It’s been 5 years since I left this beautiful place in which I had the opportunity to call home for a few precious months, but it feels like an eternity. To the immensely strong and beautiful Acholi people, I would like to dedicate this to you and to our angel Sheila Aol, my fellow project member and dear friend who passed too soon. We miss you so very much, sister. I would also wish to dedicate this to John Ezra Ocan, the father of our beloved friend and fellow CEED intern Bernard Lakony. May we take a moment of silence for their families and for all those we have lost.
We arrived in Entebbe on Saturday, May 16th, 2015 at 10:55 pm. The journey to Gulu was filled with curiosity, beauty and newly travelled roads. I was so very nervous, for I was entering a land with very little knowledge of the language, people and culture. If I had known that the next few months were to be filled with laughter, lessons and life-long friendships, I would’ve probably been paying more attention to the magical bumpy murram roads, or the boda bodas flying away into the starry night. I met my fellow project members a few days later: Sheila Aol, Victor Ojok and David Masumba. Ours was the first year that CEED launched the Youth Grant Project, as a means to foster community engagement through youth skills development and information sharing in order to facilitate functional and sustainable enterprises. Our team aimed to mobilize and plan the facilitation of three youth groups: the Anyaka Mak Tic Group located in Obia Parish in Unyama Sub County, the Tic Ber Youth Group located in Agwe Parish in Laroo division and the Will Layibi Vision Youth Group located in Layibi Techo in Layibi division. Every day was a new experience from planning enterprise-specific trainings such as soap making, agricultural value addition, leadership skills workshops to becoming a bridesmaid in the wedding of Anyaka Mak Tic leader Dr. Monica. That is the great thing about Gulu, it opens its heart to you when you are ready to receive it.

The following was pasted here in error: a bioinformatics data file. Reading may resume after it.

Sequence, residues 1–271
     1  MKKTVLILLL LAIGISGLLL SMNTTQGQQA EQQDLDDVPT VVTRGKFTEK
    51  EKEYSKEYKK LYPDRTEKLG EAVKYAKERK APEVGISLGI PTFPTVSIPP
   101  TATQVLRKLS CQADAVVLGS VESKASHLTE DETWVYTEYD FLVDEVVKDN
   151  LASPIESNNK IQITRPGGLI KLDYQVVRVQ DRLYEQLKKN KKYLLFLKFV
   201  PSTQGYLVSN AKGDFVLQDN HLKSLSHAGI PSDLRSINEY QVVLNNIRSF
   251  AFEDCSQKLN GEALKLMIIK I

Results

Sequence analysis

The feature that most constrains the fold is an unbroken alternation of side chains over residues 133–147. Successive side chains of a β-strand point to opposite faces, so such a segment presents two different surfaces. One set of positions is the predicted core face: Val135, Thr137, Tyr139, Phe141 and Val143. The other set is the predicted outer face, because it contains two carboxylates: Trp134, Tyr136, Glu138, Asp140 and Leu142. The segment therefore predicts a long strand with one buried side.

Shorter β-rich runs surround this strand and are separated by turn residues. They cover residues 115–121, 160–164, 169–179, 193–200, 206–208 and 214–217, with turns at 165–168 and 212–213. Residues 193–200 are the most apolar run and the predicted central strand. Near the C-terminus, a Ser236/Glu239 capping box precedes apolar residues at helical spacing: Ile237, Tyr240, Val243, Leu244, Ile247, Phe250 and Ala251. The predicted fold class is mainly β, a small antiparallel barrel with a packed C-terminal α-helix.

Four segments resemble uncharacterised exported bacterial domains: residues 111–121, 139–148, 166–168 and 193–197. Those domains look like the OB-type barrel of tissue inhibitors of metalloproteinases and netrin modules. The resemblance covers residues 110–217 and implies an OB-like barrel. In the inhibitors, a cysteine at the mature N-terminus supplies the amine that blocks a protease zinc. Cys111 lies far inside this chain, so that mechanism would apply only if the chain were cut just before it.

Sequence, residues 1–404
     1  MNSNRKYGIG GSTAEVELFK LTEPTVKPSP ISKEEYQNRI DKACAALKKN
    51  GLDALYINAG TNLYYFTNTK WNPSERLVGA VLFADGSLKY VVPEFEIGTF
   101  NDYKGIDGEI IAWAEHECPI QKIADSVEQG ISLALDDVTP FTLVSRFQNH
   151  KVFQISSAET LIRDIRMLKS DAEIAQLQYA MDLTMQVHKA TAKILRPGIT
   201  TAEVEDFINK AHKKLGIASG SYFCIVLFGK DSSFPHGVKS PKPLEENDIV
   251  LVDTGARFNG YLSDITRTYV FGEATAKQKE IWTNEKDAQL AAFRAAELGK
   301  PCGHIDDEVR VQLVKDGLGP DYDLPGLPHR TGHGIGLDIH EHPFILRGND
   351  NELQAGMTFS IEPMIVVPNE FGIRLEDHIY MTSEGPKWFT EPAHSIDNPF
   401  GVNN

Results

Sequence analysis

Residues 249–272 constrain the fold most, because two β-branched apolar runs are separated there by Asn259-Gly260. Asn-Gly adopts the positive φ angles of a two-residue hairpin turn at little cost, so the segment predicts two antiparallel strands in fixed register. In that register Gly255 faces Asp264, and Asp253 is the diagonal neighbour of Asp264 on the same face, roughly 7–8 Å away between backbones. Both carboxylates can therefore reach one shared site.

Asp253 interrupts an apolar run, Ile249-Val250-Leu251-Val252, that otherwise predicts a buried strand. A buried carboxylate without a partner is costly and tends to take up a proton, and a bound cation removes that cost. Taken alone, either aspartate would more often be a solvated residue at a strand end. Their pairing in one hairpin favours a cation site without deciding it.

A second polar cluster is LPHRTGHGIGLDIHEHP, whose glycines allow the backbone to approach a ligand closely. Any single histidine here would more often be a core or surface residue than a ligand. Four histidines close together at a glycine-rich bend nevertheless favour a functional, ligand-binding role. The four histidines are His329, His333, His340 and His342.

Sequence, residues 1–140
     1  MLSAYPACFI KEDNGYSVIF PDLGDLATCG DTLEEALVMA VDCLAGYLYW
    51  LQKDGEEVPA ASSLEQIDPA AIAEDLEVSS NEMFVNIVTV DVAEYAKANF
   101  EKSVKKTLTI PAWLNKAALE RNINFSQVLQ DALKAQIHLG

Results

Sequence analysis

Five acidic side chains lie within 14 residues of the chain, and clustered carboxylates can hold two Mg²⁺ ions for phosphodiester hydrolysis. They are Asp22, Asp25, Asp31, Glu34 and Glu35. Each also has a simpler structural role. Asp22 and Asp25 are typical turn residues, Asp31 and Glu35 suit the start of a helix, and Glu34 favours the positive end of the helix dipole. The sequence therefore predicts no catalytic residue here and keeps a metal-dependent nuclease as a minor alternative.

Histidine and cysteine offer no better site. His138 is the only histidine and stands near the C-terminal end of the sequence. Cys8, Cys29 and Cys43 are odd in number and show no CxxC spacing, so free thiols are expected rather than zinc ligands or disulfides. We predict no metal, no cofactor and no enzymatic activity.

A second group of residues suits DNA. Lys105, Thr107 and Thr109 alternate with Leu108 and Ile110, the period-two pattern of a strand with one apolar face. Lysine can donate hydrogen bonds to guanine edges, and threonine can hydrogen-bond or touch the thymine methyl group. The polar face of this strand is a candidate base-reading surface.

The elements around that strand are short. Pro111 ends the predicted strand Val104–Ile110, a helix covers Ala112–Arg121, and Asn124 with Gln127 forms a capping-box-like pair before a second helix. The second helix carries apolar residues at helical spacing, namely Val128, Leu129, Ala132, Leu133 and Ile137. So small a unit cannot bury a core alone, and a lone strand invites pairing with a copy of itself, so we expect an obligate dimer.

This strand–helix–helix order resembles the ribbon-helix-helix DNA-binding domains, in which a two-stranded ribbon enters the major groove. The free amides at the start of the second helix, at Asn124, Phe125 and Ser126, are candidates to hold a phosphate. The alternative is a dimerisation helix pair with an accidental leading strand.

Mornings were my favorite part of the day. Opening our eyes to the beautiful tapestry of our picturesque hut and rising to the smell of earth, grass and sunshine surrounding the compound. These CEED grounds were the place where my hut-mates Eunice Anun and Gisele Lackeski became my sisters and friends for life. “Are you girls still sleeping? You’re going to be late for breakfast!” exclaimed Luc Pilon, urban planner, fellow CEED intern and friend. All gathered together at breakfast, friends quickly formed, and the love, laughter and exchange potentiated with every day that passed. At lunch, we would exchange lessons in Acholi and French, we all got pretty good by the end of summer. After a day’s work, we would head to Sankofa Café around the corner for some chapati chips, hot sauce and coffee. We would spend the evenings exploring and walking through town while we discussed everything from the challenges of youth in Uganda to what time we would meet for Thursday’s Quiz night at BJ’s.